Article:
Samantha 4:31
Interesting. Thank you, Paul. When, where and how do you express yourself most creatively?

Paul Hamilton 4:36
Well, obviously, I love my tech Sam, just like you. So I’m at the moment I’m kind of a little bit obsessed with virtual and augmented reality because I’m coming across these new tools every day, I came across this app today that allowed me to scan on my phone, my whole body, and then I can animate it. So now I’ve got a little mini me that I’m able to do action sequences and turn it into a figurine. So I love that when you find a tool, you’re able to connect it with something you already know. So it’s kind of linking the new thinking with something that you already have an understanding about.

Samantha 5:11
That’s cool. We totally going to have to put the link to that below because I’m intrigued.

Paul Hamilton 5:13
I will. I’ll put a link to it. Yeah.

Samantha 5:15
All right, your biggest barrier to creativity?

Paul Hamilton 5:18
I think. I think it’s been the fear of being judged, Sam. So when we come up with a new idea, not always new ideas are good. So it’s that fear factor of do I speak up? Do I actually share something on Twitter? If I think it’s okay, but someone might think that’s terrible. So I think the biggest, I guess hurdle for people showing their creativity is that fear of judgment that it’s no good or it doesn’t have worth and I think that’s the biggest problem.

Samantha 5:47
So then when you’re faced with that, like what strategies is what strategies have you used to try and overcome it?

Paul Hamilton 5:53
To have faith in yourself and to know that creativity is kind of like art as in in the eye of the beholder. So, you might say, Sam, I don’t really like that. I don’t see the point in it. I don’t see the why, I can’t see that the brilliance in it. But someone else sitting right next to you might say, oh, I’ve actually, I can connect with that. I actually went through something in the past that was similar or I’m getting an emotional response out of that, that the person next to you doesn’t. So creativity kind of appeals to different people. And I think that’s really important to say, right? It doesn’t matter if I think it’s no good. I’m going to put it out into the world and see who it resonates with.

Samantha 6:32
I like it. Now you’ve got 37 seconds and two questions. Book, video or podcast that you would recommend to others?

Paul Hamilton 6:39
Oh, definitely Dan Pink’s one of my favorite. So Dan Pink, especially for business and education. He is brilliant. His book ‘Drive’ has so much for all of us to get out of in regard to being creative, creative, but also external rewards and internal rewards and what drives creativity. I think that’s really important.

Samantha 6:59
OK last one, 10 seconds what creative project would you dedicate your time and energy to if you knew it was guaranteed to succeed?

Paul Hamilton 7:07
Generating creativity in others.

Samantha 7:10
Oooooh, I love it. And you just came in exactly on 4 minutes.

Paul Hamilton 7:14
On time, there you go.

Samantha 7:17
Like, I want to hear more about that but we’ve kinda hit the 4 minutes.

Paul Hamilton 7:22
No it’s great. It’s good fun.

Samantha 7:24
Anything you want to add? This is my my little like, maybe you want to expand on point 9?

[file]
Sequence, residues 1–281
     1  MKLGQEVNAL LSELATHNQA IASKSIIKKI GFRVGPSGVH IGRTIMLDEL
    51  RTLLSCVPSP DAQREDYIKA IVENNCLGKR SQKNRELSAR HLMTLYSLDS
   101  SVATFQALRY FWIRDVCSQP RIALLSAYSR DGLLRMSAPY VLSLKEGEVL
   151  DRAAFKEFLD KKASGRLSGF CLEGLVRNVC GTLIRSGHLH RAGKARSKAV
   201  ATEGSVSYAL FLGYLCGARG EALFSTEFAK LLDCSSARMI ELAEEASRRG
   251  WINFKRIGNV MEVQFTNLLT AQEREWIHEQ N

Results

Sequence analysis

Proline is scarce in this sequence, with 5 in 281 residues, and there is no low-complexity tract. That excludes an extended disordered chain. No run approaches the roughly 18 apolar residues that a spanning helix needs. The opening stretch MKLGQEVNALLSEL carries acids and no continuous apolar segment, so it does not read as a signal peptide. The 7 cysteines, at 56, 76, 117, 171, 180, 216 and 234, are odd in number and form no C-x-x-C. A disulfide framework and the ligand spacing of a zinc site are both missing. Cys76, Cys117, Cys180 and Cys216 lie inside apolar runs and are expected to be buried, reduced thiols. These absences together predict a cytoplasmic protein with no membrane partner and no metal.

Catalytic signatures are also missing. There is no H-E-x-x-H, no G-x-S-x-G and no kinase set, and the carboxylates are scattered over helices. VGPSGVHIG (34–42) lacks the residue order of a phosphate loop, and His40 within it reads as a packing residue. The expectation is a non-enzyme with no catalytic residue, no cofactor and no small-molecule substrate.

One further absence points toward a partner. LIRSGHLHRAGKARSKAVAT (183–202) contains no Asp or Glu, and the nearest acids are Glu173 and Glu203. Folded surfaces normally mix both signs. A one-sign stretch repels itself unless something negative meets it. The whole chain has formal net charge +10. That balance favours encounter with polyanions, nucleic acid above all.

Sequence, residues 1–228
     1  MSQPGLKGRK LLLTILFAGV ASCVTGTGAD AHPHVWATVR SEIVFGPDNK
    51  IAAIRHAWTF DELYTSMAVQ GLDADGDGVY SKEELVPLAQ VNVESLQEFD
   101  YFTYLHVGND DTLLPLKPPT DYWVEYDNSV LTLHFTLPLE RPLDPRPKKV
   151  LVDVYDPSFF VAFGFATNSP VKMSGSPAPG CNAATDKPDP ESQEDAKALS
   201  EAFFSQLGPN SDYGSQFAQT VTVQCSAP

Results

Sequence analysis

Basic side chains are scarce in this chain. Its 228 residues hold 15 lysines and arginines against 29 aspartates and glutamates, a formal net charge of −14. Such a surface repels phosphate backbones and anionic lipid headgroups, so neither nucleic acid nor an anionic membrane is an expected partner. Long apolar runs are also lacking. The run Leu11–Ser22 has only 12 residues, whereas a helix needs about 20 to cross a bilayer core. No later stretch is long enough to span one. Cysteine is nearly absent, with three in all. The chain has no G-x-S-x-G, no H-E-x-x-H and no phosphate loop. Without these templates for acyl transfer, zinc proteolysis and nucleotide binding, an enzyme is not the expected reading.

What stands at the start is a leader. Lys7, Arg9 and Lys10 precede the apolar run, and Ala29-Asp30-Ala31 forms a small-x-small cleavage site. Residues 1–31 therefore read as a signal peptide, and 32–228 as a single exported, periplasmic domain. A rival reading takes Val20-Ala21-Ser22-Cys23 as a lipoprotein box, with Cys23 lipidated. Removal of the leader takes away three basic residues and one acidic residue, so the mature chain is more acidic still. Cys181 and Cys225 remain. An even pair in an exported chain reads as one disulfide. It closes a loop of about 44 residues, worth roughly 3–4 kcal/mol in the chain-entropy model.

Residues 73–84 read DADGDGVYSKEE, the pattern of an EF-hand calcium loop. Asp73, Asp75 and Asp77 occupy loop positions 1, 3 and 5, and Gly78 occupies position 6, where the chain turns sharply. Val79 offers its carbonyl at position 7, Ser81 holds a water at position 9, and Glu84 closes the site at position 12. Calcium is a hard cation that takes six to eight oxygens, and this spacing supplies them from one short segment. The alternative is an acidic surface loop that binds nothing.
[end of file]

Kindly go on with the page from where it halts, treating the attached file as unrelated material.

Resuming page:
Paul Hamilton 7:30
Yeah, look, if I could, if I could steal someone’s idea Shaun Tan, I’m not sure if people have heard of Shaun Tan, but he’s one of our famous picture book writers in Australia. He’s an absolute genius. And he talks about creativity, Sam, he talks about that if you were to be absolutely creative with a new book, it would be so in, you couldn’t comprehend what it was about because all narratives follow a certain structure. So sometimes creativity is not completely new, it’s just taking what’s already there and telling the story in a different way that connects with people. And I think sometimes we think that creativity has to be completely new. But sometimes it’s a new take on something that’s already there that we’ve observed as well.

Samantha 8:17
And that’s fascinating Paul. Because just thinking to your point before about people judging, what may connect with one person may not connect with someone else. Because you might just go Oh, well, they’ve already done that, but if you do it in a different way, it may connect with someone different.

Paul Hamilton 8:29
Yep.

Samantha 8:29
Which the first person couldn’t have done. So yeah, that’s really interesting to think about.

Paul Hamilton 8:33
It’s like in business Sam, because creativity is so linked with problem solving, that we’re looking for those people that have that skill of creativity that can see things that others can’t. And so if they can come up with an idea that’s built on something else, but the other person hasn’t got there yet, that’s still creativity because they’re building on those ideas going forward.

Samantha 8:54
Thank you so much Paul that’s really good food for though. I really appreciate you sharing your ideas on the topic.

Paul Hamilton 8:59
It’s a pleasure Sam.

Samantha 9:01
Before we wrap up, where could people reach out to you find more about your, your picture book, your work, all that kind of stuff?

Unknown Speaker 9:07
Yes. So my Twitter handle is @paulhamilton8. I don’t know why it’s eight, maybe seven was taken already, Sam I’m not sure. Um, but yeah, that’s where I kind of share all of my little, I try and be creative and post one thing a day that’s a little bit creative. Sometimes that’s difficult on busy days, but I try to put things out into the world and see how it resonates with others. So Twitter’s the main one, Sam. Yeah.

Samantha 9:31
Wonderful. Thank you Paul and we’ll pop that link below as well so people can connect with you. So thanks once again.